Help with beef back ribs

Hi all,

I’m new to this oven and also just a novice cook. I need some help converting this regular oven recipe to something that would work with the APO:

Beef back ribs (1 rack - covered with foil), preheat to 375 and cook for 1.5 hours, then let sit in oven for 30mins.

For the APO I was thinking:

  • I shouldn’t have to cover the rack and instead use steam at 80-100%? Then again I’m not sure if the point of covering it is to stop juices from splashing or to create a pseudo steam effect.
  • The time can be cut down to 1 hour? Or just use probe? I never used a probe before so unsure what temp I should set it to or where in the meat I should stick it since they’re ribs? If I use the probe do I have to preheat the oven? I’m thinking trying to insert that probe in a hot oven with oven mitts is going to be a pain in the ass
  • Temp stay the same or drop by 25 degrees?

Sorry for my noobness. Any tips would be highly appreciated!

Hi and welome Cactuar7,

Have you cooked Beef Back Ribs using that recipe?
Of so, did you enjoy your results?

That’s a menu item this cook has steadfastly avoided, so I’ll defer to other Community members who can offer you better guidance based on experience.

Being a self described novice cook you might want to consider taking a few preliminary steps along your culinary journey before taking on Beef Ribs. Something simple and with which you have been successful. Meatloaf comes to mind as being particularly difficult to screw up. And you get to use your probe too.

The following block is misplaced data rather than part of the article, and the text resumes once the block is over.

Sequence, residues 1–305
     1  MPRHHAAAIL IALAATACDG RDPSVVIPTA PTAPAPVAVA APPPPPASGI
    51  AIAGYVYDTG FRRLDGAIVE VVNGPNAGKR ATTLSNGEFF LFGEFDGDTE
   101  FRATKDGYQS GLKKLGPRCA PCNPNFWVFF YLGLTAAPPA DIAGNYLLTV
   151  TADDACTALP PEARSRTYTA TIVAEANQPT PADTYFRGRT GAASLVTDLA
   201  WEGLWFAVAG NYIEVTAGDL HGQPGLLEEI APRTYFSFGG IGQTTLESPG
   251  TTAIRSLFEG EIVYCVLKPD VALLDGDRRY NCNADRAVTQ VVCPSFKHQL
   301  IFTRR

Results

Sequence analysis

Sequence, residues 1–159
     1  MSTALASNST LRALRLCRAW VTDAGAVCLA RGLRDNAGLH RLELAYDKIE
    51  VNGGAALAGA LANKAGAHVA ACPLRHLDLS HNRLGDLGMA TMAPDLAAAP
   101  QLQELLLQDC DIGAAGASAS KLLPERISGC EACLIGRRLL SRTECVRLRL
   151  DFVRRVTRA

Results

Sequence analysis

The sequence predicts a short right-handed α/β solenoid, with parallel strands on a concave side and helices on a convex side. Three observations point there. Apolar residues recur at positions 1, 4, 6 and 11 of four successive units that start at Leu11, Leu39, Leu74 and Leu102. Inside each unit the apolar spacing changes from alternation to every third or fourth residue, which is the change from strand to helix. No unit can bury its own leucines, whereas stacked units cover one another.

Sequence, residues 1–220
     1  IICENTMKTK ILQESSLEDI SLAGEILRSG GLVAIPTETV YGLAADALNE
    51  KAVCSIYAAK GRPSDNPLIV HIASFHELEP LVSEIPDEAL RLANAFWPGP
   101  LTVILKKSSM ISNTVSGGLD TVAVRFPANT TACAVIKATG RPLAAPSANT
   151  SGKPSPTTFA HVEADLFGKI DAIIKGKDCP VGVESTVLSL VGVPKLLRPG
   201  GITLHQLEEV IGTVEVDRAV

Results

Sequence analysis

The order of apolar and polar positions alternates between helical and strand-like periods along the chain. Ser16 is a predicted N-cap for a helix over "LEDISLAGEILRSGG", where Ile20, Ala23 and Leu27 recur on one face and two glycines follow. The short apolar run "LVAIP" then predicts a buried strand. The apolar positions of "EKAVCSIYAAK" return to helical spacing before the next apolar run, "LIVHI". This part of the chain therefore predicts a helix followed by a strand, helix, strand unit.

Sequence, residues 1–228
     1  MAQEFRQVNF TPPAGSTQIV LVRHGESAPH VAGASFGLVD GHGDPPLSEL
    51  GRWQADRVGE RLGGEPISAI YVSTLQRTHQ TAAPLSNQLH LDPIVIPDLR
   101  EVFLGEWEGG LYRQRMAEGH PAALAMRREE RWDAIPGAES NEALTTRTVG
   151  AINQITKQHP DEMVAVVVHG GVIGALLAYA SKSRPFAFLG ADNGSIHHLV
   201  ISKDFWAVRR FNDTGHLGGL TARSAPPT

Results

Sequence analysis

Have you read the manual, particularly about the use of the probe?

I’m pretty sure there’s a Ribs 101 recipe on the app, FWIW. Might be worth a look.,

My approach is low and slow:

  • 6-ish hours at 146, 100% steam
  • Remove the ribs, dry them off, and let the steam out of the oven.
  • 3-5 minutes under the broiler (top element only, maybe 375) until they get a little colour
  • Flip for another 3-5 minutes
  • Sauce and two minutes per side to set.

I do all of this on an old cake cooling rack.

Of course, everything’s better over charcoal, but charcoal is not an option for me right now.


I’m betting others have their own approach to share. And anything @chatnoir has to offer should be taken very seriously.


1 Like

Thanks for recipe sharing Joe.

Your rib technique appears to deal effectively with the Rib’s combination of meat, connective tissue, and fat between the bones that makes them a challenge. Your temperature is high enough to convert sinew to collagen and melt fat while not so hot as to toughen and dry the meat. Bet they’re tasty.

Cactuar7, competent cooking requires the use of your knowledge and thinking about each item you cook. Tough meat or tender to start?
They require different cooking methods.

Let a thermometer be your feedback guide. Do you regularly use a thermometer in your conventional cooking, or do you guess? Knowing is always better. For best results insert the probe so the tip is in the centre of the meat and not touching any bone.

The probe’s temperature setting depends on your cooking plan. Usually it’s your temperature target based on desired degree of doneness.

For tender meat the following temperatures are the usually accept standards:
Rare. 125F
Medium- Rare 130F
Medium. 140F

You can have the item being cooked in the oven while it’s heating avoiding a potential pain in your hand. Baking is the exception because it requires precise timing.

It would be a good use of your time to review as many of recent posts here as you can manage. Look for a link to Douglas Blanchard’s site in those posts to gain a fundamental knowledge of Food Safety and the physics of cooking.

Do the work and you will do well.